The Sonnets of Shakespeare from the Quarto of 1609: With Variorum Readings and Commentary

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Houghton Mifflin, 1916 - 542 pagine
 

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Pagina 248 - Not mine own fears, nor the prophetic soul Of the wide world dreaming on things to come, Can yet the lease of my true love control, Supposed as forfeit to a confined doom.
Pagina 399 - Since brass, nor stone, nor earth, nor boundless sea, But sad mortality o'er-sways their power, How with this rage shall beauty hold a plea, Whose action is no stronger than a flower?
Pagina 91 - I'll sup. Farewell. POINS. Farewell, my lord. Exit PRINCE. I know you all, and will awhile uphold The unyok'd humour of your idleness; Yet herein will I imitate the sun, Who doth permit the base contagious clouds To smother up his beauty from the world...
Pagina 150 - There is a history in all men's lives, Figuring the nature of the times deceas'd ; The which observ'd, a man may prophesy, With a near aim, of the main chance of things As yet not come to life, which in their seeds And weak beginnings lie intreasured. Such things become the hatch and brood of time...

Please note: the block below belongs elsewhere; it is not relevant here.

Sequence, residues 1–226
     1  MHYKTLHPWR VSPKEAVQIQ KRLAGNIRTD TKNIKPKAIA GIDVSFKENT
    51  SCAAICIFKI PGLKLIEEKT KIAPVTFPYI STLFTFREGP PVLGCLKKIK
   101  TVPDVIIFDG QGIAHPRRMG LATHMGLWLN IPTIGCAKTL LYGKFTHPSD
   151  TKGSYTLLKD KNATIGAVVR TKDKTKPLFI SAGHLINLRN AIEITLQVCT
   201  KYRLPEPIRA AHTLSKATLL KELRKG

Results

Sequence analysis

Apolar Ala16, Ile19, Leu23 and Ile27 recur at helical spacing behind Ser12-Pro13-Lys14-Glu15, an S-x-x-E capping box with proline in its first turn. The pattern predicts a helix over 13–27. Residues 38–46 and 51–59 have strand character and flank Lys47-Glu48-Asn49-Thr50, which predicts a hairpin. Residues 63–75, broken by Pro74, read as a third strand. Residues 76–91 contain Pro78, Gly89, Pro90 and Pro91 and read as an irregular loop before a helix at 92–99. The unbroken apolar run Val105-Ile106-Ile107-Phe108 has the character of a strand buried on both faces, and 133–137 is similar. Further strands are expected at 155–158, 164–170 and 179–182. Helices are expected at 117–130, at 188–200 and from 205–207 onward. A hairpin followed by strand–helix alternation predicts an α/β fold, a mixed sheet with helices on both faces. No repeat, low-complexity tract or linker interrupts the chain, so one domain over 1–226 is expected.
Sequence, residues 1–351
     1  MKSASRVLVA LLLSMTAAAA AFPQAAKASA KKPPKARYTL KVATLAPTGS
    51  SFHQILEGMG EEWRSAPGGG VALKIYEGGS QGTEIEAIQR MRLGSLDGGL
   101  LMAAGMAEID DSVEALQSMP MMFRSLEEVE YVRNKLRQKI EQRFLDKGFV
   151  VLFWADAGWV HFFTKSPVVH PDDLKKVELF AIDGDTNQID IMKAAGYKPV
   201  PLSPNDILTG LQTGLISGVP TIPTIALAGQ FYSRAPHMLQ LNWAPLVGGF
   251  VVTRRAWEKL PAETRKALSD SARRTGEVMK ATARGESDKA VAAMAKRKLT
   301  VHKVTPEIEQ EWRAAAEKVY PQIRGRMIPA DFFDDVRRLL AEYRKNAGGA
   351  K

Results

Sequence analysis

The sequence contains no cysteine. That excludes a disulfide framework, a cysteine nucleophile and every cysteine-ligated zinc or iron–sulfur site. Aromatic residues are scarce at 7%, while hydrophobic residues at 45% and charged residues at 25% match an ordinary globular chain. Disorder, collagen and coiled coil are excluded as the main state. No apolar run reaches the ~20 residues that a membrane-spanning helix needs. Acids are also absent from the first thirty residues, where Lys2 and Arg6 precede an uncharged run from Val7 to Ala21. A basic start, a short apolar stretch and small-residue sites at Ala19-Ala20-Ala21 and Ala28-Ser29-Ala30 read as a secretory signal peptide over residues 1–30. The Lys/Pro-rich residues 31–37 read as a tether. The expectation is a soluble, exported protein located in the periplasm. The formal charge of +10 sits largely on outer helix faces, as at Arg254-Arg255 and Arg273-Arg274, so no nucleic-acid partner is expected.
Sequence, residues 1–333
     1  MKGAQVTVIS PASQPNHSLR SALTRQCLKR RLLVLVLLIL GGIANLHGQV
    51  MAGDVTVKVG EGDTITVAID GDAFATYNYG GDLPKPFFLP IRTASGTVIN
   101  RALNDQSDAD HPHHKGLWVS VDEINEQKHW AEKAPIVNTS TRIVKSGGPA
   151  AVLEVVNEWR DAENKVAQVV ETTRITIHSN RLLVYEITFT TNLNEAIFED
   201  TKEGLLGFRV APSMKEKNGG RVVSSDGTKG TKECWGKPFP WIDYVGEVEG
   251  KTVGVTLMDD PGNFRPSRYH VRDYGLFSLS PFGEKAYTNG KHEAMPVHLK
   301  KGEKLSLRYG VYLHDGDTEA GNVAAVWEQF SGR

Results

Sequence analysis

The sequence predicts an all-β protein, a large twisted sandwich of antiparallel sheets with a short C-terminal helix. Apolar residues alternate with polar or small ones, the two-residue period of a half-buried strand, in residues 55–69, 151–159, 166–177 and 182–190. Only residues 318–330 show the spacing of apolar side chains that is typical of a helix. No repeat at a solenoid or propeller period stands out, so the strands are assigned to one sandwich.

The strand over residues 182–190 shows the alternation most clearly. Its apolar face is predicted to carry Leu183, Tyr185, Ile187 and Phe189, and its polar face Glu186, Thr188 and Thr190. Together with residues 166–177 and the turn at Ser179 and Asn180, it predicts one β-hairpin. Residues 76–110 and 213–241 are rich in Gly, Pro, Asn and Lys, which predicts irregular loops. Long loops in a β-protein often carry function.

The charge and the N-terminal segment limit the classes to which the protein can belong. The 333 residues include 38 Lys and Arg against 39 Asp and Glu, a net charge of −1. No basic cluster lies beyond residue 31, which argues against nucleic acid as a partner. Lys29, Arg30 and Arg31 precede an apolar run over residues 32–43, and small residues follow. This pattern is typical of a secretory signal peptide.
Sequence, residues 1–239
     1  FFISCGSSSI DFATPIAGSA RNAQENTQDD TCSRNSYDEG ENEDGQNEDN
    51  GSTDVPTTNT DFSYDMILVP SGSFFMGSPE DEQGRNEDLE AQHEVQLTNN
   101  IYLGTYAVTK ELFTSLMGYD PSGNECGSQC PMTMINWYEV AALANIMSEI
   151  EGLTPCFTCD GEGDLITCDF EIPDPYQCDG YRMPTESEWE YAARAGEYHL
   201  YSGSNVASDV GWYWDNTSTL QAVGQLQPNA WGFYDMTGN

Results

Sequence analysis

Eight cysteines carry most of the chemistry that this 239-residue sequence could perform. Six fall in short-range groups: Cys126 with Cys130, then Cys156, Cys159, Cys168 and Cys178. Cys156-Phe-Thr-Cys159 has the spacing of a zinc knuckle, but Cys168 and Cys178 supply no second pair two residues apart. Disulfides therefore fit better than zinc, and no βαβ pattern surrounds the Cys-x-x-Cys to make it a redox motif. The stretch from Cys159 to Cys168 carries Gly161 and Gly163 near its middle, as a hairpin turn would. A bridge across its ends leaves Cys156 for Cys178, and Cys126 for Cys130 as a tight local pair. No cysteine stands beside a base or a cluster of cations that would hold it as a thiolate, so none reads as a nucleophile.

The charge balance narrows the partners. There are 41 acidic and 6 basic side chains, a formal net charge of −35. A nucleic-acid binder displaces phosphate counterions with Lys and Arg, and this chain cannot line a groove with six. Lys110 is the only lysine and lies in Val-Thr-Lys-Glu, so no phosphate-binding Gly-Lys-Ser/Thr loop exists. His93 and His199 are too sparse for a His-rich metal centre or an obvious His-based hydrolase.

Pagina 360 - Things base and vile, holding no quantity, Love can transpose to form and dignity. Love looks not with the eyes, but with the mind, And therefore is wing'd Cupid painted blind.
Pagina 7 - LET fame, that all hunt after in their lives, Live register'd upon our brazen tombs, And then grace us in the disgrace of death ; When, spite of cormorant devouring time, The endeavour of this present breath may buy That honour, which shall bate his scythe's keen edge, And make us heirs of all eternity.
Pagina 53 - hues" in his controlling, Which steals men's eyes and women's souls amazeth. And for a woman wert thou first created, Till Nature as she wrought thee fell a-doting And by addition me of thee defeated, By adding one thing to my purpose nothing. But since she prick'd thee out for women's pleasure, Mine be thy love, and thy love's use their treasure.
Pagina 242 - In praise of ladies dead and lovely knights, Then, in the blazon of sweet beauty's best, Of hand, of foot, of lip, of eye, of brow, I see their antique pen would have express'd Even such a beauty as you master now.
Pagina 179 - ... warning to the world that I am fled From this vile world, with vilest worms to dwell : Nay, if you read this line, remember not The hand that writ it; for I love you so That I in your sweet thoughts would be forgot If thinking on me then should make you woe.
Pagina 220 - That they are not a pipe for fortune's finger To sound what stop she please. Give me that man That is not passion's slave, and I will wear him In my heart's core, ay, in my heart of heart, As I do thee.

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